There! make room for the lady in hoops! only a shilling for all that whalebone! so now — let out the thin spare man, he fears suffocation — and the nervous gentleman too wants to alight; that baby has whooping cough, and annoys him. Poor bachelor! he cannot begin to comprehend infantile graces, and he votes the whole race a bore; while glancing satirically at the lady, he observes to his friend, the spare man, “Poor little sufferer, how it hoops.”

Stockton street, from Fardon's 1856 San Francisco Album (Bancroft)
Rows of pretty cottages on one side the street — handsome brick buildings on the other — and at the corner of Stockton and Washington, a private garden laid out with exquisite taste and neatness. A refreshing fountain sends its spray over the blossoms of the sweet roses and verbena, while the graceful malva trees stand sentinel at the gateway. Only a passing glance, however, for the turn is accomplished, and down Washington street to Montgomery is generally a pretty rapid descent.

The Plaza (Portsmouth Square) in 1856, looking towards Washington street, along which the omnibus would have passed. (San Francisco Public Library)
That is a family market near the corner of Washington — quite convenient these — the nicest of vegetables, the best of meats, procurable at market prices. We up-towners could scarcely dispense with them. Past the Plaza — how well I remember that formerly as a receptacle for old clothes, cast off boots and shoes, cans, bottles, crockery ware, skeleton specimens of the feline race — dogs who had had their day — rats whose race was run, and various other abominations; but a treasure heap to the rag pickers, or bottle venders, who in those days were not. But now the Plaza has been smoothed into shape, and if the green things within its borders are perfected by sun and rain, it may yet flourish into grace and beauty.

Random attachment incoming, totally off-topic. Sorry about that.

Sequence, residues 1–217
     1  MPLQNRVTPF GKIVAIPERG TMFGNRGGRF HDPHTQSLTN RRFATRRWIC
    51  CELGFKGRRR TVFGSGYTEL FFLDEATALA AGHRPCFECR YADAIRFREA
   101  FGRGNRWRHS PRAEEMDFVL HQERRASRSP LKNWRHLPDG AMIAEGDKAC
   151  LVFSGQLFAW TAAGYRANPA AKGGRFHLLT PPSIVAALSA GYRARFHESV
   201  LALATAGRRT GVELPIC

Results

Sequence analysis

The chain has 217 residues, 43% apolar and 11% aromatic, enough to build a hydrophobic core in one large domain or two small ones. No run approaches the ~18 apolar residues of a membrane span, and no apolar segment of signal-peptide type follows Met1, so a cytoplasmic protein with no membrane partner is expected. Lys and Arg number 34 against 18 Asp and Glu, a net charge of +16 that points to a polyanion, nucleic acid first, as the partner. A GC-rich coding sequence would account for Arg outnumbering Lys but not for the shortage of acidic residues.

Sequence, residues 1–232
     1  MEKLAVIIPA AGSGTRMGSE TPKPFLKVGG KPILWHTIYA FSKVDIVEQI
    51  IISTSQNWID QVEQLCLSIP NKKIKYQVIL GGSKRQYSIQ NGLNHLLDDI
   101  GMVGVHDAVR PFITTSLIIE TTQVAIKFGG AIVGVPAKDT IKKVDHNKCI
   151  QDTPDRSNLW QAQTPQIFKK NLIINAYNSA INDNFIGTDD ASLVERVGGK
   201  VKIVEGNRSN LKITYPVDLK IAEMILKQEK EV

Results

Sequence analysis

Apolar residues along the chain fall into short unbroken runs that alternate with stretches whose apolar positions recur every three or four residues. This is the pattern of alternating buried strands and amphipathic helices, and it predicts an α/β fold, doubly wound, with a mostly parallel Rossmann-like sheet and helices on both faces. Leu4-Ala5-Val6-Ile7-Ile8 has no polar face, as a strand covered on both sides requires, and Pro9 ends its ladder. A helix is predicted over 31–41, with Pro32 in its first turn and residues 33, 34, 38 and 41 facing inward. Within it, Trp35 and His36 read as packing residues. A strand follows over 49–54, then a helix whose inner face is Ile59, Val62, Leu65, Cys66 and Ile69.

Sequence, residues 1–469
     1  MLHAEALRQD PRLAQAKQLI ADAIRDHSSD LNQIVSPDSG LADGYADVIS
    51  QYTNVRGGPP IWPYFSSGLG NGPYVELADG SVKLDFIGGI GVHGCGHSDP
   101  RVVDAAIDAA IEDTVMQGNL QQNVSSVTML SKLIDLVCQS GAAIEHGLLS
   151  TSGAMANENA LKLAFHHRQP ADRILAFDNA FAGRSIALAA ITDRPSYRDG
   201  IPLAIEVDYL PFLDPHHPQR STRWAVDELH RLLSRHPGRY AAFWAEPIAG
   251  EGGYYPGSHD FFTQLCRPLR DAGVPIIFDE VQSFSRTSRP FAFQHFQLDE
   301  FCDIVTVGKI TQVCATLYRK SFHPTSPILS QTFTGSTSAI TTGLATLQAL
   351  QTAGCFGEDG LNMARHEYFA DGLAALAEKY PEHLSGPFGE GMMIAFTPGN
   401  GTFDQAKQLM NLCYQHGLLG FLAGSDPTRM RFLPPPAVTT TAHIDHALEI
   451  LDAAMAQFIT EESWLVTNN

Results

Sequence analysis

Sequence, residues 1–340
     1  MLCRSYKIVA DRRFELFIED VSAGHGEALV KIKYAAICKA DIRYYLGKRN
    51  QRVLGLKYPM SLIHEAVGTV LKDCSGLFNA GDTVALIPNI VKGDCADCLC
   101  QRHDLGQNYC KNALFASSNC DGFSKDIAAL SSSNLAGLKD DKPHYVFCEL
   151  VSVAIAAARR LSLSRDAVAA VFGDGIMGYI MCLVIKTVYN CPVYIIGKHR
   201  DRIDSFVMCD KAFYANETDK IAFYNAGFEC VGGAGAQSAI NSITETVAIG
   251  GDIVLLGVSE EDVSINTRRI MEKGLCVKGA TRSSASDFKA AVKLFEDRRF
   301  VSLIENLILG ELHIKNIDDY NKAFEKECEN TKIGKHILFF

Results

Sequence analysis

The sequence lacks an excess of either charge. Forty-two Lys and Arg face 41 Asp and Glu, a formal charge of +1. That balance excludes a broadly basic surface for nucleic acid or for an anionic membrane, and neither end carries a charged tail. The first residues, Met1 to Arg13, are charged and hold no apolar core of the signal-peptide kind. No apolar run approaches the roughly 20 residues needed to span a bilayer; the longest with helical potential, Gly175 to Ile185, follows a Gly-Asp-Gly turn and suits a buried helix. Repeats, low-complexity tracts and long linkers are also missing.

Montgomery street, featuring the Montgomery Block, from Fardon's (1856) San Francisco Album (Wikipedia).
Montgomery street — look down the long avenue. Where can be found more substantial edifices? more elegant stores? a gayer promenade? Handsomely dressed ladies — gentlemen of business — gentlemen of leisure — mechanics — laborers — children— thronging the side-walks; glitter, and show, and wealth in the windows; equipages, omnibusses, horsemen, in the streets. Hundreds of human beings passing and repassing in an hour, and from almost every nation under heaven.

Montgomery Street, from Fardon's 1856 San Francisco Album (Bancroft)
The Frenchman with his “bon soir” greets you; the Spaniard and Italian, the Chinese, German, Mexican. The rose, the thistle, and shamrock [i.e. England, Scotland, and Ireland] have each their representatives, and beside these many others born in remote regions are congregated in this great thoroughfare of cities.